Move an entire industrial facility to Russia within one month-that was the job Rhenus was tasked with. We accepted the challenge and pooled our skills to complete it successfully. This project spanned several countries, over both land and water routes. It took special transporters and tremendously motivated employees. Their experiences during this extraordinary mission and the roles they played are explained in the following stories, from four different perspectives.
Special freight calls for special expertise. And the project manager needed all the know-how under his belt for a special assignment such as this. After all, it involved a series of tricky, complex tasks that had to be mastered before even the first truck could get underway. After learning what goods needed to be transported, we had to come up with the best, most cost-effective route and check out potential transportation risks. To do that, the project manager contacted local partners, whose quotes had to be pooled and coordinated. One major challenge was that the consignments not only originated in different countries but also required different carriers, including ships and heavy cargo transportation vehicles. Carriage from Portugal, Spain and Denmark to Russia had to be arranged, the transshipment and transfer points determined, and all the schedules and deadlines coordinated. This called for the ultimate in precision planning, and for the project manager to be on the ground in Russia. The project manager's job included driving along parts of the route to pinpoint tough stretches and construction sites alongside managing key customs formalities. So a huge responsibility rested on his shoulders throughout.
Being part of such a large-scale transportation project was an experience our trainee will not forget any time soon. As a member of the project team, he had already assisted in the contract award process, taking on responsibilities such as preparing the proposal, contacting the authorities to secure the required permits and assigning a route analysis. Then came the most exciting part: personally escorting the vehicle during the journey. After helping the project manager check whether any damage had occurred on the inland waterway leg, the freight was transferred to special transporters and secured. All systems go! Due to its size and the speed restrictions, the heavy-haul vehicle could not get rolling until after 10 pm-unusual working hours, and not just for trainees. Roads had to be closed and bridges crossed. Without a detailed route analysis containing all the key information about potential obstacles, a challenge like this could hardly have been met. Five hours and many bridges, intersections and bends later, the consignment had reached its first destination: customs, where the imported goods were registered the next day. Then a crane unloaded the plant components. Mission accomplished! One thing is clear: the vital importance of spot-on organization for projects of this size and complexity. After all, even the smallest of obstacles, if left unaccounted for, could jeopardize the entire undertaking. For trainees with plenty of initiative coupled with the desire to take on responsibility and a clear focus on achieving goals, it is just the challenge they have been waiting for.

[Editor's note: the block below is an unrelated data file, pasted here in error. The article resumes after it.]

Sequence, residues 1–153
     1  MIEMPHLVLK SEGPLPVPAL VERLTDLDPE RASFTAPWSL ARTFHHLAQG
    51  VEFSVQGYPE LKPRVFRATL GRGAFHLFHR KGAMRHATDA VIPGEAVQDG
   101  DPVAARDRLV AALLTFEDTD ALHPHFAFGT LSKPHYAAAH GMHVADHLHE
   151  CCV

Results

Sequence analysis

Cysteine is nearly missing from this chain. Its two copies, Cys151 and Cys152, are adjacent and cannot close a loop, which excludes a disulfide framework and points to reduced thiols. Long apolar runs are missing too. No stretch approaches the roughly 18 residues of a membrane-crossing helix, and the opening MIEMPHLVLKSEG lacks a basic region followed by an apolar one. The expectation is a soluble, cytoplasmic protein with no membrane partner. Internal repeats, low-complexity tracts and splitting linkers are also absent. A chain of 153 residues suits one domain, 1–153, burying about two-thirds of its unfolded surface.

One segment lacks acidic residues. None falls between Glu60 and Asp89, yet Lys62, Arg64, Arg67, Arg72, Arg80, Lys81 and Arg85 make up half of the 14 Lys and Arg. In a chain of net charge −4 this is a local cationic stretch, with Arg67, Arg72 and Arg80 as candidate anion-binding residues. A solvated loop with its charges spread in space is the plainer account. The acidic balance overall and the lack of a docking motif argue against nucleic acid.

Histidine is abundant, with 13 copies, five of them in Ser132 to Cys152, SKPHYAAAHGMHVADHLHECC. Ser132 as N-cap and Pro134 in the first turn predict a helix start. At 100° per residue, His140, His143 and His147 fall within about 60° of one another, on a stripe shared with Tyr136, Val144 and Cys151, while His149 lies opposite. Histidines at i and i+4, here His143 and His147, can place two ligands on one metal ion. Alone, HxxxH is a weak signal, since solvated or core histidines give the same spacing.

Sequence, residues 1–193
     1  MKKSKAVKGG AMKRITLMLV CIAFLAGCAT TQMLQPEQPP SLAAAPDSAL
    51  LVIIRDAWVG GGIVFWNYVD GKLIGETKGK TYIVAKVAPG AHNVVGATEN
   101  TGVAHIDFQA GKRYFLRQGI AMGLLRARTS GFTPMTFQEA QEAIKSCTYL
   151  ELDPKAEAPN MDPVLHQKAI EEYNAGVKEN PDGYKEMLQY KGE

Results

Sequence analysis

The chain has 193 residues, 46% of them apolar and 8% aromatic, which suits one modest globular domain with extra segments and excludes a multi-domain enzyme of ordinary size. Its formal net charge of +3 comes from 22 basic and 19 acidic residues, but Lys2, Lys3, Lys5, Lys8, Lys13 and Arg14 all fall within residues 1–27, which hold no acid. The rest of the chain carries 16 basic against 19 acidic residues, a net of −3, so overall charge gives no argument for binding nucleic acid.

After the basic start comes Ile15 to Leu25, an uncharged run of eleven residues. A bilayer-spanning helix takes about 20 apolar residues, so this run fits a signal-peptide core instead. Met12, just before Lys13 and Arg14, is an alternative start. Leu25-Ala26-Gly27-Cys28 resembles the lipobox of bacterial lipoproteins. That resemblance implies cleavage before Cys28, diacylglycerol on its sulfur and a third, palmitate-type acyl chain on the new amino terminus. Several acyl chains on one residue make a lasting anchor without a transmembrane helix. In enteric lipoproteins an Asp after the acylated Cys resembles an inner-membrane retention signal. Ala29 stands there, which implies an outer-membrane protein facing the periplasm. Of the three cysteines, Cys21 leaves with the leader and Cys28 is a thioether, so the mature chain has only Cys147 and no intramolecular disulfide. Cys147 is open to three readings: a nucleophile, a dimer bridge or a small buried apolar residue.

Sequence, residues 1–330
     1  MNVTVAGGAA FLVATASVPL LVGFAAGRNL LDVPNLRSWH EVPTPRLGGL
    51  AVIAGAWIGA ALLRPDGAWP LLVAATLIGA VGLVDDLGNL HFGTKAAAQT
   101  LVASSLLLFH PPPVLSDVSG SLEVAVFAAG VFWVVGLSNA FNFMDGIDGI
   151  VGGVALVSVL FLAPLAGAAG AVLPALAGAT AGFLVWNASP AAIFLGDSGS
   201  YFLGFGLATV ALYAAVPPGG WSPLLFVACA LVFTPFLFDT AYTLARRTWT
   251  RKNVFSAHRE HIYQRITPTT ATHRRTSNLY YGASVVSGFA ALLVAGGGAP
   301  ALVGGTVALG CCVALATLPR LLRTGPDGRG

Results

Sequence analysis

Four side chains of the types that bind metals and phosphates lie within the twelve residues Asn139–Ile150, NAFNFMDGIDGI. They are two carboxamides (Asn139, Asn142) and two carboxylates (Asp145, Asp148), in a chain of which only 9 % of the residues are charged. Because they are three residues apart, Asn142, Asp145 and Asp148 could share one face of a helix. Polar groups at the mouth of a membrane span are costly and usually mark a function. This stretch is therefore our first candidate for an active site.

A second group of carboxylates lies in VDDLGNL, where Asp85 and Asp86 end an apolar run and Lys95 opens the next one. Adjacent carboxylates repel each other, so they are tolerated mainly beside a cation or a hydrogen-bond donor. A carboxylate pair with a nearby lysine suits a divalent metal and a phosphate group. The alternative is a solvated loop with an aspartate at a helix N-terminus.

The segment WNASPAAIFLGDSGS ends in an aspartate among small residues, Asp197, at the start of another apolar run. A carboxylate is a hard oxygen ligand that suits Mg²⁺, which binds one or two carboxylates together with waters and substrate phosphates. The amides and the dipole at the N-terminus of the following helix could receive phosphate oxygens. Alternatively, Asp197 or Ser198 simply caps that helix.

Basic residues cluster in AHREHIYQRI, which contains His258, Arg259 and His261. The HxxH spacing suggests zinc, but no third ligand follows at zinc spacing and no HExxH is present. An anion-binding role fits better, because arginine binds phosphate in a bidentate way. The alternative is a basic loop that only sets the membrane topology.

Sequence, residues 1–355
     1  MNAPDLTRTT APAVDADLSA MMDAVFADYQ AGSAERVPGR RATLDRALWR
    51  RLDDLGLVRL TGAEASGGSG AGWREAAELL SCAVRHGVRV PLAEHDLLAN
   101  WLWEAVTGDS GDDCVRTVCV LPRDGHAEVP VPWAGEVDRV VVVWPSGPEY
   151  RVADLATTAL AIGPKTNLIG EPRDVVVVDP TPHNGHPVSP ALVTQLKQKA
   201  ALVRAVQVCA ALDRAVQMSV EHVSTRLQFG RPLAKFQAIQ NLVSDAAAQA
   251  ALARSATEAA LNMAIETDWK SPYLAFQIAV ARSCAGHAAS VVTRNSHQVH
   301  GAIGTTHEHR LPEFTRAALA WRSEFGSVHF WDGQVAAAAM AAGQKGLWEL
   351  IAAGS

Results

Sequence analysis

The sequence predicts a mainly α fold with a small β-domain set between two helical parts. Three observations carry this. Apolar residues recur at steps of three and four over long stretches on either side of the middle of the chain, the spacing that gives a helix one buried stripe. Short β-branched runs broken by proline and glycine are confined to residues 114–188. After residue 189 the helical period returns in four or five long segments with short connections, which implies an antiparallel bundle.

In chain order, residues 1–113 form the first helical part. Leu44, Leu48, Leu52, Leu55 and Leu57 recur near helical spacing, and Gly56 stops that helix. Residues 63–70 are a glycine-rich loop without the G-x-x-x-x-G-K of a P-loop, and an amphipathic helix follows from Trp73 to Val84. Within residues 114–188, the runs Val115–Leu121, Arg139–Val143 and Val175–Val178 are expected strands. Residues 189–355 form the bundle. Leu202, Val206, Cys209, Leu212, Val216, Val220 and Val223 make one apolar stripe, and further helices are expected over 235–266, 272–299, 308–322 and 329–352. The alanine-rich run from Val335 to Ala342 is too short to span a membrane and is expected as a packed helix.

All consignments for the planned industrial facility in Russia went by truck and ocean vessel. To make coordinating transportation as smooth as possible, all the freight was bundled at one joint terminal in Russia. There, the consignments had to be loaded onto an inland waterway vessel for their onward journey. It took exceptional precision-down to the last centimeter-to stow all the freight, some of which weighed tons. No problem for the seasoned team of dockworkers: carrying out operations from the ship's railing, the various cranes and onboard the vessel itself, they worked hand in hand to get the job done efficiently and keep lay time to a minimum. After unloading, the consignments were checked for any en route damage, then loaded onto an inland waterway vessel according to a detailed stowage plan. Finally, the ship set off on its two-week journey. What is special about dockworkers at Rhenus? They handle goods with exceptional attention to detail, roll up their sleeves and get down to it.
There are two managing directors in our Projects business unit. They are in charge of over 20 branches in more than 15 countries. Responsibility for each of the countries-and hence also for the projects-is allocated according to the individual's logistics strengths and experience. During the course of the project, the managing director's duties included: reading and evaluating the request for proposals (RFP) with the head of the country organization; drafting a transportation strategy; and conducting a feasibility study based on the customer requirements. This development phase can take up to two years for such large-scale projects. The managing director naturally also takes part in the subsequent contract negotiations and checks the final contract along with the legal and insurance departments. How does the managing director's job differ from that of the project manager? While the latter's focus is on dealing with suppliers, partners and the authorities, the ultimate decision-making power rests with the managing director, who also oversees the project controlling. This means the managing director must be sufficiently business-minded, with the requisite skills to develop concepts and make decisions.